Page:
The 1991 Persian Gulf War saw the use of advanced U.S. weaponry that devastated targets in Iraq while allowing the coalition forces to declare victory with limited military losses. Numerous developments in technology contributed to U.S. General Norman Schwarzkopf’s success, including the use of depleted uranium (DU). The U.S. military claims that DU used by the coalition forces secured a significant advantage over the Iraqi military. This technology has since been used in Kosovo, in Afghanistan, and again in Iraq in 2003.
- The International Coalition to Ban Uranium Weapons (ICBUW)
Four years following the victory of the first Gulf War, the acclaim of DU evolved into controversy as thousands of U.S. and coalition forces began suffering from an array of unexplained ailments, such as impaired cognition, fatigue, muscle ache, sleep disorders, and memory loss. Critics of DU attributed the mysterious symptoms, collectively known as the Gulf War Syndrome, to the radioactivity and chemical toxicity of depleted uranium.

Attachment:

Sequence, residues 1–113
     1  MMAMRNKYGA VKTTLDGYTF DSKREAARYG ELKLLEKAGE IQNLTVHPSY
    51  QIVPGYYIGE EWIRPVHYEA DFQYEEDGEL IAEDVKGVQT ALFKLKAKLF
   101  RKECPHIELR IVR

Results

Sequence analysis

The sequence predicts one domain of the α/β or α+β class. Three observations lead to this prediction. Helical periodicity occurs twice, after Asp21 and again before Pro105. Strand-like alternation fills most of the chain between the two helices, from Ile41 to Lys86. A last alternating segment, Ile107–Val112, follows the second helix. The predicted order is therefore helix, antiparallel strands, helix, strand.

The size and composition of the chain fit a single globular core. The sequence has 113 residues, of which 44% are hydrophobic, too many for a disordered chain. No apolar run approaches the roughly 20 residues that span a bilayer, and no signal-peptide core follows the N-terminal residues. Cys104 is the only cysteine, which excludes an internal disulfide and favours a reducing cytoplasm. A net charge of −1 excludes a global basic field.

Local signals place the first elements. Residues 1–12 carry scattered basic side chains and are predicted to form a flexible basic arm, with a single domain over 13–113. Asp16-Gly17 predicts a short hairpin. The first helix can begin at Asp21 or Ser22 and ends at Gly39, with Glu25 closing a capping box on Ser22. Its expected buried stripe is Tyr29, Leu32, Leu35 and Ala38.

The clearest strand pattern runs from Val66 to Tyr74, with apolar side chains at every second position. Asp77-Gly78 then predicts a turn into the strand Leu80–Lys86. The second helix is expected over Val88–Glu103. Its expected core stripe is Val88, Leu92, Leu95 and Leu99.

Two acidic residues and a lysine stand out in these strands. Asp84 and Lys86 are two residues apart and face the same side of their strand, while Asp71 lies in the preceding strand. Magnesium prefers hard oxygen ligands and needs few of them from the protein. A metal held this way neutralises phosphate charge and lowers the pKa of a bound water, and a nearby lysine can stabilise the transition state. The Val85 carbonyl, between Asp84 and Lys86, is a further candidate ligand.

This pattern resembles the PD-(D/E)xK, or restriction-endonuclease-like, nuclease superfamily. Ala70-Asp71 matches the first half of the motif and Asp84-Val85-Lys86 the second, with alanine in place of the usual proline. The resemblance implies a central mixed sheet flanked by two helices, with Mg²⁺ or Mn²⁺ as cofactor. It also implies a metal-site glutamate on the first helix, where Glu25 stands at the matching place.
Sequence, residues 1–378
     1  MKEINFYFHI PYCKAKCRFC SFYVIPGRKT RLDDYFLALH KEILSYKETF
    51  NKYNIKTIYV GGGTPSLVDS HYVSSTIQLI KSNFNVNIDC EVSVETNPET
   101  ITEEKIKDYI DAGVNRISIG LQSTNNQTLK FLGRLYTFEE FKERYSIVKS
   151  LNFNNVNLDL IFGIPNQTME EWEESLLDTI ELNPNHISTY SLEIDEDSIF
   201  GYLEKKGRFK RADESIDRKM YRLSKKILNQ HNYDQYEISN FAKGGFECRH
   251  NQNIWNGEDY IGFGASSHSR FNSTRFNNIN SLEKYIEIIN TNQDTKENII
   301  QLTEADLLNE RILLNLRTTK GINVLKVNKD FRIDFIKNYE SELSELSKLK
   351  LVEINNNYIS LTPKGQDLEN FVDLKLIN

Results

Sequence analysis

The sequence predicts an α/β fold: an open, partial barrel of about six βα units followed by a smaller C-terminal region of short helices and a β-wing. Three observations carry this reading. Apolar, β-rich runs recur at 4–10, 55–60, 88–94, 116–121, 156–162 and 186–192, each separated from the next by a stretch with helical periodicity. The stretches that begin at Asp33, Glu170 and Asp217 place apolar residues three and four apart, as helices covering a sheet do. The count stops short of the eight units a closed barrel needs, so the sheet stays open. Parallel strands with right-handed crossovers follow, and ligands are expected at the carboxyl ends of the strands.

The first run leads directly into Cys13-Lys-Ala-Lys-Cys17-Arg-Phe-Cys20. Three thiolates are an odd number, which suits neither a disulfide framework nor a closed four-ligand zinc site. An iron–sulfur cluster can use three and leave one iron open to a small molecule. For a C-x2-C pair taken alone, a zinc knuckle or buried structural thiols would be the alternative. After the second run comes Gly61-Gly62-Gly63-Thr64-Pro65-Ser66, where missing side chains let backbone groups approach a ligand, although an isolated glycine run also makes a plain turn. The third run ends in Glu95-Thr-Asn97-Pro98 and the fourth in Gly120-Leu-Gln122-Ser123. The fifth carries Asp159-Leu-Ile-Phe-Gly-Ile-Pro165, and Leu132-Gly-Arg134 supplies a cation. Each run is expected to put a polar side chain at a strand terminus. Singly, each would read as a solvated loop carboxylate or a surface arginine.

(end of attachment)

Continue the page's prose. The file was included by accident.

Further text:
PSR has long argued that DU should not be used by the military until sufficient health and environmental studies on the use of Depleted Uranium have been done to prove that it can be used safely by U.S. service personnel. We also call for clean-up of affected sites, both training ranges in the United States, and battlefields from Bosnia to Afghanistan, via Iraq, where DU has been used extensively.
Here PSR provides resources to learn about DU and its affects; to take action on pending legislation in Congress and to conduct follow-up research to learn about the issue in depth. PSR staff and physicians have worked to produce our new issue brief, an excellent summary of the issues surrounding the use of DU by the military, which you can read here.
Congressman Jim McDermott: “If Depleted Uranium is Safe, Let Them Prove It” - PSR worked with Congressman Jim McDermott to push for a study on the potential medical consequences of Depleted Uranium.
Congressional Legislation on Depleted Uranium: H R 2410 - Legislation that came as a result of work from PSR and our activists putting pressure for answers on Depleted Uranium
World Health Organization (WHO): Depleted Uranium
Worchester Polytechnic Institute: Depleted Uranium Health Effects
Argonne National Laboratory for the DOE Office of Environmental Management: Depleted Uranium Effects
Global Security: Depleted Uranium
DU Report (PDF) - Depleted Uranium Report published by PSR to support the national push for answers on DU before expanding its use in ongoing wars in Iraq and Afghanistan.